Annual Review 2013

2013


Homophobic statements by Lithuanian politicians continued to contribute to a climate of intolerance towards LGBTI people which included the comparison of homosexuality to necrophilia and paedophilia. Some of these homophobic positions were translated into two proposed amendments to the Constitution, one to ban ’propagation of homosexual relations’, and another one to equate family with marriage and parenthood. Both proposals were rejected by the Parliament. Lithuania also continues to fail to implement the decision of the European Court of Human Rights to provide legal framework for legal recognition of trans people. On a positive note, a Lithuanian court fined a man for publishing hateful comments on Facebook. For the first time, a political party expressed its support towards recognition of legalisation of civil partnerships for same-sex partners.

Access to goods and services

  • In July, the Equal Opportunities Ombudsperson issued a warning to a transport company operating in Vilnius over discrimination based on sexual orientation. The warning followed a complaint made by the Lithuanian Gay League (LGL). The company in question had originally responded positively to LGL’s request to rent a bus on 17 May 2012 and confirmed the booking, only to cancel the reservation after learning that the bus would be used by an LGBTI organisation. The Equal Opportunities Ombudsman found that the transport company had refused to rent a bus to the client on the grounds of sexual orientation, and had thus violated the Lithuanian Equal Opportunities Act.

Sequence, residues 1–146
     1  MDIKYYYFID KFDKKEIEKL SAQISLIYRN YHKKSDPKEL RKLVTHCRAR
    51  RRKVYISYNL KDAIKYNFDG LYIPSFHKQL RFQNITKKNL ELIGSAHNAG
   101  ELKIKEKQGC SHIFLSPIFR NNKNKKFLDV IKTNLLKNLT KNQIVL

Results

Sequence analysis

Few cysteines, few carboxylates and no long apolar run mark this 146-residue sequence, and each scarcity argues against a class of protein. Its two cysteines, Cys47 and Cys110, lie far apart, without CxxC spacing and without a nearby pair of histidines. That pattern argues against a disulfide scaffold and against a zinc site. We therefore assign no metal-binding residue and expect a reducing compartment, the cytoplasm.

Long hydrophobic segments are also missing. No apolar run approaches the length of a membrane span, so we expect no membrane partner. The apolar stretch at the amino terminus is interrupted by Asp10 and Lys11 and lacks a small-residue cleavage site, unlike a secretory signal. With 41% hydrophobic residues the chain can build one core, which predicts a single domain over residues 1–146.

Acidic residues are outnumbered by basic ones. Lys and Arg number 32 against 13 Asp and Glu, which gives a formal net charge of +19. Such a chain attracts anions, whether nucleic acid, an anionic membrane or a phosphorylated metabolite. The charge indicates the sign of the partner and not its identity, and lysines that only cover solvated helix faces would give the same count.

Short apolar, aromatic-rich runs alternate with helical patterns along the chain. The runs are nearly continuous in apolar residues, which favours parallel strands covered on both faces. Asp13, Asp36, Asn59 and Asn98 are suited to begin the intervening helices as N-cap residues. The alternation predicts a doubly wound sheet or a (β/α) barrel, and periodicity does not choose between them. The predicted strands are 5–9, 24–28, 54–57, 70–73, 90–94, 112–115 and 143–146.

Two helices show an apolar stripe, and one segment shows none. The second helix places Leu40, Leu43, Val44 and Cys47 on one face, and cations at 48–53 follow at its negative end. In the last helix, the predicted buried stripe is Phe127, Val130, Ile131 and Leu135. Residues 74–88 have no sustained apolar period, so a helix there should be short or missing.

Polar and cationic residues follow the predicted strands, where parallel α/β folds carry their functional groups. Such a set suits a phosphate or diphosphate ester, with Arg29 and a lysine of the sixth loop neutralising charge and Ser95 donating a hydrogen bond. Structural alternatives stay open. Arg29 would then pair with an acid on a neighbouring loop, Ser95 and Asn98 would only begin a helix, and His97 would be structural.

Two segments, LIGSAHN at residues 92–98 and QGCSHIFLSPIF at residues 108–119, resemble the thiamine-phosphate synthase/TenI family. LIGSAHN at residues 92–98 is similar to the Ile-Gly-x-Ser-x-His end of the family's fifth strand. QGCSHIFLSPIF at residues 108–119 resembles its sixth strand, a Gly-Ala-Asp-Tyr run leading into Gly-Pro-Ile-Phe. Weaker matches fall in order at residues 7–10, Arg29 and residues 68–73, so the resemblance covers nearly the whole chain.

Bias motivated speech

  • In January, a court ordered a man from Vilnius to pay a fine of 1560 LTL (circa €450) for a comment posted on Facebook. The comment said: “What we need is another Hitler to exterminate those fags because there’s just too many of them multiplying.” The First District Court of Vilnius City ruled that the man had used inflammatory rhetoric and encouraged mockery, defiance, discrimination and physical violence against a group of people on the grounds of sexual orientation.